EDIT: Anyone new to this thread should also check out http://www.tmuscle.com/free_online_article/sports_body_training_performance_nutrition/d_is_for_doping
Below is a collection of articles and posts about Vitamin D:
Here's from the article:
- Vitamin D is probably a lot more important than we have previously thought. To be honest, it very well might be the next fish oil. As a hormone that regulates calcium, phosphorus, bone metabolism, and neuromuscular function, it's clear that this vitamin has broad-reaching effects.
Beyond the classic bone implications, recent research has demonstrated an association between Vitamin D deficiency and an increased risk of heart disease and stroke ? and those who get more sun exposure actually recover from cancer faster than those with limited sun exposure.
There's evidence to suggest a link between Vitamin D deficiency and multiple sclerosis, the flu, diabetes, and various neurological disorders.
The problem is that it's estimated that one-third to one-half of (otherwise healthy) middle-aged and elderly individuals in the US are deficient (defined as below 15 ng/ml, typically).
The amount of Vitamin D produced in the body is markedly higher in warmer climates than you get in the cold white North (or South, if any of you readers happen to be on vacation in Antarctica).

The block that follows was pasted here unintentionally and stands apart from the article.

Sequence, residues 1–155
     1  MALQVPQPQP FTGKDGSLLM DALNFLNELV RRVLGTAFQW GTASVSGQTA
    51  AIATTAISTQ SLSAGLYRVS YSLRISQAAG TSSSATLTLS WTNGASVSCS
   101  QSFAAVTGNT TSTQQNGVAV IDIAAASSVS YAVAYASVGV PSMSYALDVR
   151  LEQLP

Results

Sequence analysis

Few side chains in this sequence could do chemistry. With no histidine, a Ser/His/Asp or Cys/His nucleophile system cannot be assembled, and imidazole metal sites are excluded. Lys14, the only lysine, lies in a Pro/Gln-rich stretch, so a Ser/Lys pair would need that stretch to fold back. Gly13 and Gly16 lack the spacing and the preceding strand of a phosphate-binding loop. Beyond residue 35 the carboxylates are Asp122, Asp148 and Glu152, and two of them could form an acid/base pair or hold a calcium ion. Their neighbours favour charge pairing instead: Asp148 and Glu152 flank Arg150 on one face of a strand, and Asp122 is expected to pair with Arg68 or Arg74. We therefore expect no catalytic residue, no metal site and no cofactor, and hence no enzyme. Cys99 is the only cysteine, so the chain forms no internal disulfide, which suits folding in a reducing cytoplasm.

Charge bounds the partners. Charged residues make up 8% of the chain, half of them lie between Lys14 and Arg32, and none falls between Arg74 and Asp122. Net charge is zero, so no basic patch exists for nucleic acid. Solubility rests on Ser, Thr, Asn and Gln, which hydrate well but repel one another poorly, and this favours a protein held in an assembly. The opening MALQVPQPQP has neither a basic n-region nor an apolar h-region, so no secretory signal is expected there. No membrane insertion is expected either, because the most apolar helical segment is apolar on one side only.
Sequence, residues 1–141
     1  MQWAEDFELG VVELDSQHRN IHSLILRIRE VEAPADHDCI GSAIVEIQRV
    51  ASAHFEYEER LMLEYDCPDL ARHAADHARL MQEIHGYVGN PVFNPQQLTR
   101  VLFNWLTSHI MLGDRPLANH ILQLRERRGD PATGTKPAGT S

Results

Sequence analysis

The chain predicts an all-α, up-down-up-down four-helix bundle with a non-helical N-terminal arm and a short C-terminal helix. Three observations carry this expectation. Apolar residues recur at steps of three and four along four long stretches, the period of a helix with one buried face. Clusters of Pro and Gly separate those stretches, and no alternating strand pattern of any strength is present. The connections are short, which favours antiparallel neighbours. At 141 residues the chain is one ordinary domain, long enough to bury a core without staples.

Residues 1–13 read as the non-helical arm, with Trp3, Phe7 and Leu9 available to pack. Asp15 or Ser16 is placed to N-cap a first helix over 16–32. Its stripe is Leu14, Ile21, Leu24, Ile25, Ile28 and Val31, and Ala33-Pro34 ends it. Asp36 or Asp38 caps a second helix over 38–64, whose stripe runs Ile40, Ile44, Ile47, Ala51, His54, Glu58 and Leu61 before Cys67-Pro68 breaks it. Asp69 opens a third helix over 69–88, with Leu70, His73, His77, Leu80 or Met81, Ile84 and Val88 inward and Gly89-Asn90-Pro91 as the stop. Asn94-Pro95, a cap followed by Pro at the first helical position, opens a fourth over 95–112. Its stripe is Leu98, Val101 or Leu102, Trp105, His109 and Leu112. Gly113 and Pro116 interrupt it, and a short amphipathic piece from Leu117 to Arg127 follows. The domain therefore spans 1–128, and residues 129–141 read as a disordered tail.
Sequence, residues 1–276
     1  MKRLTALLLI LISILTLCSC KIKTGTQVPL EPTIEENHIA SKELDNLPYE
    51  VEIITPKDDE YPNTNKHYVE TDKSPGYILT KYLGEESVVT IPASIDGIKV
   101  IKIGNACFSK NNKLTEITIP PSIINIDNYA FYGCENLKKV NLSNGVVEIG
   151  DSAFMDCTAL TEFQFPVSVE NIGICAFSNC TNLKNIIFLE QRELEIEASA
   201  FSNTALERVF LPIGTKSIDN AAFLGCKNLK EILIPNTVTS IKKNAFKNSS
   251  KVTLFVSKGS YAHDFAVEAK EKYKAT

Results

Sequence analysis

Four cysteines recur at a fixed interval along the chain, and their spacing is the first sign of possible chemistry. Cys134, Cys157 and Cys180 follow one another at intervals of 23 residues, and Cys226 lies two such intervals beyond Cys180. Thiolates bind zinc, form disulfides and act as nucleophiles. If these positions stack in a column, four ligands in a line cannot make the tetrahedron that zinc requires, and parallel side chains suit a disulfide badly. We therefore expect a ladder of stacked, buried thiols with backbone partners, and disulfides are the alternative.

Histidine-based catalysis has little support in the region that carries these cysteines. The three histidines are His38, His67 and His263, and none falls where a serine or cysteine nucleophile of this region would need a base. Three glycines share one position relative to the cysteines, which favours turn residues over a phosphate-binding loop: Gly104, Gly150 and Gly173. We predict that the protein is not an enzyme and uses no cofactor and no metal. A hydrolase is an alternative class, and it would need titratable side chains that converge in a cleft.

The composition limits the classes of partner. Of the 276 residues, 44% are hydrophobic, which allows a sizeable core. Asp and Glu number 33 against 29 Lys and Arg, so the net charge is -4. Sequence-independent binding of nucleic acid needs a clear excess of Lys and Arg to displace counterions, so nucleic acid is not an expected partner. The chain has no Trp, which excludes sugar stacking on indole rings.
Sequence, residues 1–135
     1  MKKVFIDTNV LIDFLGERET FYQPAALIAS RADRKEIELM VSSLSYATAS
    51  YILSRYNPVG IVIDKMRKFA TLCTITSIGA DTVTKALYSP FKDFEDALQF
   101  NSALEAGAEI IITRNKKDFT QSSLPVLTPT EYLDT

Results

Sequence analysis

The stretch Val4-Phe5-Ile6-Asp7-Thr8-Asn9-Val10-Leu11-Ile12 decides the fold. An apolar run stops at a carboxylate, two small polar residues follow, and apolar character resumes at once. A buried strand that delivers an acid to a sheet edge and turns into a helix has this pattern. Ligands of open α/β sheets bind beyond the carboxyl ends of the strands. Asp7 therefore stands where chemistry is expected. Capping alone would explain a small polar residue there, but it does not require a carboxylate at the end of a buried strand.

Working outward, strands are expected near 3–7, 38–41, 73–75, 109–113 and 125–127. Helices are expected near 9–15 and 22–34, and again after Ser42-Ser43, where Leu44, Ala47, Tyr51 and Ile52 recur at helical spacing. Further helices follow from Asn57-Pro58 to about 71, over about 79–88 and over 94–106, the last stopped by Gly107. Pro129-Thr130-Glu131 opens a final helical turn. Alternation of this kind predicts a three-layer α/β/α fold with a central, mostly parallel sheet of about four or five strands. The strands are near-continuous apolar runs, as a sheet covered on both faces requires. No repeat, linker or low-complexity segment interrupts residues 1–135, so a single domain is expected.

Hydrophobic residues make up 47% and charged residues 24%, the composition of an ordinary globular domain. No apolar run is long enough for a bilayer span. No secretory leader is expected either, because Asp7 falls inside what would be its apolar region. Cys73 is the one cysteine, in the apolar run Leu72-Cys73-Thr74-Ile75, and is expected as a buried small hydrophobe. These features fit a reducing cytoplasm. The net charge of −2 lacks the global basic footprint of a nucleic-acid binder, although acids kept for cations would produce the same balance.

Knowing how it impacts the aforementioned factors, it's not a stretch to say that Vitamin D can have implications for us muscleheads both in terms of performance and health ? and we're talking beyond just weak bones.
Siraj Ahmed was actually my first Boston client when I moved back here in 2006. From his name and the video below, you can tell that Siraj is of Indian descent. Combine his skin tone with his geographic location and the fact that he's stuck in an office more than he'd probably like, and you'll discover quite quickly why he's a candidate for Vitamin D deficiency.
When we first started working together, Siraj was 158 pounds and dealing with elbow, neck, and lower back issues. He couldn't bench press pain-free, and deadlifting was definitely out of the question.
The interesting thing was that none of these issues were "true" pathologies; it was more along the lines of general aches that were a nuisance when he tried to push it in the weight room.
We integrated some appropriate mobility/activation work and also implemented strategic deloads more effectively ? and his symptoms started to resolve. It wasn't until later that he told me his doctor had found that he was Vitamin D deficient on a blood test, and he'd been prescribed 50,000 IU once a week for four weeks.
While he got some benefit from the Vitamin D alone, it wasn't until he integrated it with an appropriate exercise regimen that the pain really dissipated.
Approximately one year later, Siraj is pain-free at a body weight of 178 pounds ? and he pulled 420 a few weeks ago:
I'm not saying that Vitamin D is a cure-all, but it's definitely something to:
A) Make sure you're consuming in adequate amounts.
B) Make sure you're getting via sunlight.
C) Look into if you have generalized pain and weakness, especially in multiple joints.
As an interesting little note, it's believed that aside from eating plenty of fatty fish, it's virtually impossible to get sufficient Vitamin D from your diet without supplementation of some sort. Sounds kind of like fish oil, doesn't it?